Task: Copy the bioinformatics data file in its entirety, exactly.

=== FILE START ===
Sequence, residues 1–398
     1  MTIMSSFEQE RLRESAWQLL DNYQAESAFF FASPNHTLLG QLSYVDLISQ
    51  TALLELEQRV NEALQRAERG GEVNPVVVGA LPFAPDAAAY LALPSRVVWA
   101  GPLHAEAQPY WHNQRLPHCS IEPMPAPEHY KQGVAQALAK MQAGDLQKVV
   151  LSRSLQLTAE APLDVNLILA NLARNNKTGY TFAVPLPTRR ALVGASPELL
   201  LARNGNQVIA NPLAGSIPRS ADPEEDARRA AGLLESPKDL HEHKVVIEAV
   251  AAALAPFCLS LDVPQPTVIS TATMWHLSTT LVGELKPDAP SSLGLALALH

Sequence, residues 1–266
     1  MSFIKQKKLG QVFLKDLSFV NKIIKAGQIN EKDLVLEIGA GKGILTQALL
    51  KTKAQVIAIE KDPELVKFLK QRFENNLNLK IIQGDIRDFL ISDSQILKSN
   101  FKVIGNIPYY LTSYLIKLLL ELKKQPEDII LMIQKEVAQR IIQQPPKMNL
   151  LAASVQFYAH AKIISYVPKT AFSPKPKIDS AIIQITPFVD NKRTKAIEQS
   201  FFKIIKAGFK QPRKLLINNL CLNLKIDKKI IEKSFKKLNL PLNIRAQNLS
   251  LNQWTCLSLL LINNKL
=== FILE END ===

Sequence, residues 1–398
     1  MTIMSSFEQE RLRESAWQLL DNYQAESAFF FASPNHTLLG QLSYVDLISQ
    51  TALLELEQRV NEALQRAERG GEVNPVVVGA LPFAPDAAAY LALPSRVVWA
   101  GPLHAEAQPY WHNQRLPHCS IEPMPAPEHY KQGVAQALAK MQAGDLQKVV
   151  LSRSLQLTAE APLDVNLILA NLARNNKTGY TFAVPLPTRR ALVGASPELL
   201  LARNGNQVIA NPLAGSIPRS ADPEEDARRA AGLLESPKDL HEHKVVIEAV
   251  AAALAPFCLS LDVPQPTVIS TATMWHLSTT LVGELKPDAP SSLGLALALH

Sequence, residues 1–266
     1  MSFIKQKKLG QVFLKDLSFV NKIIKAGQIN EKDLVLEIGA GKGILTQALL
    51  KTKAQVIAIE KDPELVKFLK QRFENNLNLK IIQGDIRDFL ISDSQILKSN
   101  FKVIGNIPYY LTSYLIKLLL ELKKQPEDII LMIQKEVAQR IIQQPPKMNL
   151  LAASVQFYAH AKIISYVPKT AFSPKPKIDS AIIQITPFVD NKRTKAIEQS
   201  FFKIIKAGFK QPRKLLINNL CLNLKIDKKI IEKSFKKLNL PLNIRAQNLS
   251  LNQWTCLSLL LINNKL